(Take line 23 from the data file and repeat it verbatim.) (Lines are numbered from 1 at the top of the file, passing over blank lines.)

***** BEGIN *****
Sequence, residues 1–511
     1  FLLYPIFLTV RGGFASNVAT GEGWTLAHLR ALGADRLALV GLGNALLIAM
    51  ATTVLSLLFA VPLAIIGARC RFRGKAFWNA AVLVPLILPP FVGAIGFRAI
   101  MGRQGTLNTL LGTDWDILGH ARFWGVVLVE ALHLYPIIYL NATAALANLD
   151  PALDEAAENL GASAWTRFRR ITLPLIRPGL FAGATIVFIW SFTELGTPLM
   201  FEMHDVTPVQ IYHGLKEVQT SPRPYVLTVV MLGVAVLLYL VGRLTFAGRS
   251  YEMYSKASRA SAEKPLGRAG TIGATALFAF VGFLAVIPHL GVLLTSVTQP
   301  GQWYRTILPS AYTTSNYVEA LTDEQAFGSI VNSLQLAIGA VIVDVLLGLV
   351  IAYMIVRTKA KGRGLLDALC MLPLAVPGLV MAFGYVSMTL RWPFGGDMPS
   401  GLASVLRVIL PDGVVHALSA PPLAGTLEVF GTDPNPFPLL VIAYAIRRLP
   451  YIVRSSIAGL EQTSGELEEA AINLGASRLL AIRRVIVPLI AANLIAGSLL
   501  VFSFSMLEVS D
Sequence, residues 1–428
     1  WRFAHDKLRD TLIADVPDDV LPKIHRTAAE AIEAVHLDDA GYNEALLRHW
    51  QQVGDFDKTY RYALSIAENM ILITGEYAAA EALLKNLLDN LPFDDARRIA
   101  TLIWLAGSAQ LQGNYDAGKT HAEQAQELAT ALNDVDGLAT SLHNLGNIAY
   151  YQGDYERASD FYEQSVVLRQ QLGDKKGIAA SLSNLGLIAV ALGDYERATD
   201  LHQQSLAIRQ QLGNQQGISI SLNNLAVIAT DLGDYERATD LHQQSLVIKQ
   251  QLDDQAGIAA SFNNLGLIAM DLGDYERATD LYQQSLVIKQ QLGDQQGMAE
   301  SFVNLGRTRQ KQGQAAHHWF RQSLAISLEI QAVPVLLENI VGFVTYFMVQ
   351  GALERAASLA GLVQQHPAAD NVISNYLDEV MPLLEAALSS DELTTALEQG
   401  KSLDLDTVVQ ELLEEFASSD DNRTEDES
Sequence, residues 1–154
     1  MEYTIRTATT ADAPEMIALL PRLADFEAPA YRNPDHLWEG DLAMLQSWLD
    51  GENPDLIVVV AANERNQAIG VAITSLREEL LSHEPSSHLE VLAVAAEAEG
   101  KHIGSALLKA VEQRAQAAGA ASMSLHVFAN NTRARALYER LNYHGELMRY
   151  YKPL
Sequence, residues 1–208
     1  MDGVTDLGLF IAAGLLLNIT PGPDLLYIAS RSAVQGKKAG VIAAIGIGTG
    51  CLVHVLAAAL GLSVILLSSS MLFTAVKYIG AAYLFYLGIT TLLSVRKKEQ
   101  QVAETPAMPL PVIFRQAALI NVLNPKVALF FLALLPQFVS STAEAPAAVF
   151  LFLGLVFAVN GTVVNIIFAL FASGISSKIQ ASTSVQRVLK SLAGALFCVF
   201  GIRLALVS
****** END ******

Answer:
Sequence, residues 1–154